Friday, May 25, 2012

Illustrator Andy Gilmore

Fields of Force

A master of color and geometric composition, Andy Gilmore's work is often characterized as kaleidoscopic and hypnotic, though it could just as well be described as visually acoustic, his often complex arrangements referencing the scales and melodies in music.

Gilmore’s journey toward this masterful style followed a long and winding road. He characterizes his pursuit of education as a tangled web, noting the bookstores, bakeries, and theaters where he worked were of more importance than the schools he attended in pursuit of his BFA, which he received from SUNY Empire State College.

After finishing school, Gilmore relocated to San Clemente, California, where he took up work for FourStar Distribution, resizing print ads for C1RCA Footwear and Forum Snowboards. It would serve as his introduction to the computer and lay the foundation for a career in digital art and design.

Andy Gilmore’s extensive list of clients includes Wired Magazine, The New York Times, Fast Company, Wallpaper*, Warp Records, and yes, Ghostly International. He currently lives and works in Rochester, New York.


Italian design from Luminaire

Escape reality and enter the fantasy world of Fiction. With a silver finish which fades to transparent, the rectangular wall-mounted mirror seems to disappear. Available in two sizes and finished in extralight glass, Fiction hangs by means of a chromium-plated metal cylinder.

Dark Side of the Moon
Thanks to a sophisticated and innovative technical process, the top is realized by overlapping and assembling glass strips of various qualities and different widths. The result is a table with a syncopated dynamism, the glass top assuming an infinite range of tonalities. The feet of the high table are cylinders in transparent borosilicate glass, fixed to the top by means of steel rings. The low table, instead, has two glued sides, with the same features as the top.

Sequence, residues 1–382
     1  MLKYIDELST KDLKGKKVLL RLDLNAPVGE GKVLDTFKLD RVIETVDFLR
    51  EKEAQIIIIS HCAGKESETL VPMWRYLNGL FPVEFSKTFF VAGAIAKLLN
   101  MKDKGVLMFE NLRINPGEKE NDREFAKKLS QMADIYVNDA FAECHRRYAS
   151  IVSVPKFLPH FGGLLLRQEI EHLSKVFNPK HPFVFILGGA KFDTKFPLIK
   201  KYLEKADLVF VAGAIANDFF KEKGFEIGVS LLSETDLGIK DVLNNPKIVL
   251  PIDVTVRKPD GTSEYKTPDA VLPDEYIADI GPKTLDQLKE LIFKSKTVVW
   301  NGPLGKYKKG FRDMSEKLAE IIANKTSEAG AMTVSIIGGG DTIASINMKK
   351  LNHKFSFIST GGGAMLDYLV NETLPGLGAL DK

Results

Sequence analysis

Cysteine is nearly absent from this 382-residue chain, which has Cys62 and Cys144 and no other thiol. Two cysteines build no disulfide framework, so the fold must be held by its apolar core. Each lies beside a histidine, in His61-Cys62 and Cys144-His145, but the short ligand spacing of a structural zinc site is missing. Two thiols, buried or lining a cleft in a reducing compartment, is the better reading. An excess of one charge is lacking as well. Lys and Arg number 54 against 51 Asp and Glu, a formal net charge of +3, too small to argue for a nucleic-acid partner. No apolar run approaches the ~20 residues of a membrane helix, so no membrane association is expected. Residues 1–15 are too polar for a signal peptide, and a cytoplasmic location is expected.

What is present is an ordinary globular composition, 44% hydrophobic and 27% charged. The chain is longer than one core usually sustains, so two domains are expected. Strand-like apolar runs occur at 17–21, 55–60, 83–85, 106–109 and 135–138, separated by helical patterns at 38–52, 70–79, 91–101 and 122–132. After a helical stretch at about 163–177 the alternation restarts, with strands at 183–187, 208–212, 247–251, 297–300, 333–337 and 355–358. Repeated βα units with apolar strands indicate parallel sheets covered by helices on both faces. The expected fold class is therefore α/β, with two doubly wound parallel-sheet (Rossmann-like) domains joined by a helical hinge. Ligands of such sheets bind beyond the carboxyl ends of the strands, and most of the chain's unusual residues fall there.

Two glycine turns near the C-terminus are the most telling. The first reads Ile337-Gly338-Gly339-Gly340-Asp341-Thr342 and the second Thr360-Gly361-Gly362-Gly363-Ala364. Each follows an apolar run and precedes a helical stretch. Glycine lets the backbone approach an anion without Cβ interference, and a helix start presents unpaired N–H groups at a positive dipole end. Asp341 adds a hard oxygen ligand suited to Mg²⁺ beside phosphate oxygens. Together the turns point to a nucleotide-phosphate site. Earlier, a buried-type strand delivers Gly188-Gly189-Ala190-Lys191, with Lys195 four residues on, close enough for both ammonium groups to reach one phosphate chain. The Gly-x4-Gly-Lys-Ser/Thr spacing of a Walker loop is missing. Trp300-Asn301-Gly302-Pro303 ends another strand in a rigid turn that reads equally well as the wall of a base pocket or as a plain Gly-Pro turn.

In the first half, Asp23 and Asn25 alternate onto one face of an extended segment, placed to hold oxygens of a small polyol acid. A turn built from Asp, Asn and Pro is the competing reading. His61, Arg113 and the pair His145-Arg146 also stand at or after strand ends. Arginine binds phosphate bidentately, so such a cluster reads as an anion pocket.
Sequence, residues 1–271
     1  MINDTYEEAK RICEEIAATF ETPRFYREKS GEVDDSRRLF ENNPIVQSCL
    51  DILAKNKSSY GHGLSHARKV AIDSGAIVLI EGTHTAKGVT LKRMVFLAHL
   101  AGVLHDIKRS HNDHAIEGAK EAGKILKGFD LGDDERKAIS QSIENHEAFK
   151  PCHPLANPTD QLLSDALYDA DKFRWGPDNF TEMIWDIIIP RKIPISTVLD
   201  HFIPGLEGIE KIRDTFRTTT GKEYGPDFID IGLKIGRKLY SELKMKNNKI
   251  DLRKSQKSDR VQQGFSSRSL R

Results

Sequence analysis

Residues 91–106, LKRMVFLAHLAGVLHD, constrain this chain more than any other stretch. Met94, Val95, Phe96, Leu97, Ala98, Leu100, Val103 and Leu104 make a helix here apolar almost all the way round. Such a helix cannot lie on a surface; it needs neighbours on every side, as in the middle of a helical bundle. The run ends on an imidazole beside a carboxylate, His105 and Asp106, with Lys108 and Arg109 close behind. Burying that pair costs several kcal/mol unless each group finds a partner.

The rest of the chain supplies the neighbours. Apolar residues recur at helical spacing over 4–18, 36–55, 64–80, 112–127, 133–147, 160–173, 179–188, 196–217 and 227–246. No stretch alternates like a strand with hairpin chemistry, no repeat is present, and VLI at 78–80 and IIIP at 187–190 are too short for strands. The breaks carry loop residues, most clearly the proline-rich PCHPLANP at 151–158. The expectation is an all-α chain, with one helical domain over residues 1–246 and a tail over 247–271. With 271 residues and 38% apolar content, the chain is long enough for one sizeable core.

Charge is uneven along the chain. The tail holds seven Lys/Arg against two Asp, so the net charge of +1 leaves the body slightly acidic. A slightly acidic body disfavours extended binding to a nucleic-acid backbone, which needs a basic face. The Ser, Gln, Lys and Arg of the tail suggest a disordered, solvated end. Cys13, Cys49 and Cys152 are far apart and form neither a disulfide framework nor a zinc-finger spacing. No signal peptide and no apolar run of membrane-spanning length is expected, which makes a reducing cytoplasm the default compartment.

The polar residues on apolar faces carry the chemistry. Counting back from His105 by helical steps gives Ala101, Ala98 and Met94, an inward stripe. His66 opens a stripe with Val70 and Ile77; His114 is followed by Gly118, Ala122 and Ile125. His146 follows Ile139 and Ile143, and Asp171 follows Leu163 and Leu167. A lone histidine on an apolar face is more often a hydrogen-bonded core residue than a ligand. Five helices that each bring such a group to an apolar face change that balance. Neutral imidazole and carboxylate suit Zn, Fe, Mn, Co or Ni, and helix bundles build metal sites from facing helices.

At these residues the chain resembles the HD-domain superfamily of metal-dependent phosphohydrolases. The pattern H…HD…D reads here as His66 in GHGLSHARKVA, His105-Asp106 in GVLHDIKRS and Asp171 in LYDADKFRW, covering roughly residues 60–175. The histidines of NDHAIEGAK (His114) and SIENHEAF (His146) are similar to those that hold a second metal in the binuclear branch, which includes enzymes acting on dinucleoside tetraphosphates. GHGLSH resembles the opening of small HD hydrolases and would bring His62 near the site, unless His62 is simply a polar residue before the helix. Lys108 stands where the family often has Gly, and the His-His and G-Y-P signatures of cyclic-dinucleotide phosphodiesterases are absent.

More at 

Friday, May 4, 2012

Amazing LCD Glass Installation

Patterned by Nature was commissioned by the North Carolina Museum of Natural Sciences ( for the newly built Nature Research Center in Raleigh, North Carolina. The exhibit celebrates our abstraction of nature’s infinite complexity into patterns through the scientific process, and through our perceptions. It brings to light the similarity of patterns in our universe, across all scales of space and time.

10 feet wide and 90 feet in length, this sculptural ribbon winds through the five story atrium of the museum and is made of 3600 tiles of LCD glass. It runs on roughly 75 watts, less power than a laptop computer. Animations are created by independently varying the transparency of each piece of glass.

Thursday, May 3, 2012

Video: Debra Coombs paints "Menfolk"

Enjoy this 6 minute video of AGG member Deb Coombs painting in her tranquil Vermont studio.

Visit Debra website:

Tuesday, May 1, 2012

Glass at MIT: Beauty and Utility

February 10 – July 2012
This exhibition explores glass making as revealed in glassware from MIT laboratories, blown glass from the MIT Glass Lab, and stunning stained glass windows from the Libraries’ Charles J. Connick Stained Glass Foundation Collection. Tools, early photographs, and selections from rare books demonstrate the combination of artistry and engineering that goes into the creation of glass.

Workshops in Italy

IKO studio is a stained glass studio in Italy which began life in Rome, before moving to the lushious green Umbrian countryside, near Orvieto. The studio was founded by stained glass artist, Diego Tolomelli who having achieved over 10 years of experience working with some of the most prestigious stained glass studios in England, returned to Italy.

Workshops in traditional techniques including leading and glass painting are offered:

Virtual Tour of Canterbury Cathedral

The most visited post on this blog was the virtual tour of Köln Cathedral. Therefore here is another offering for the armchair tourist - Canterbury.

Go explore: here

Live small

Interesting exercise. It's a 7 minute video, so get a snack first.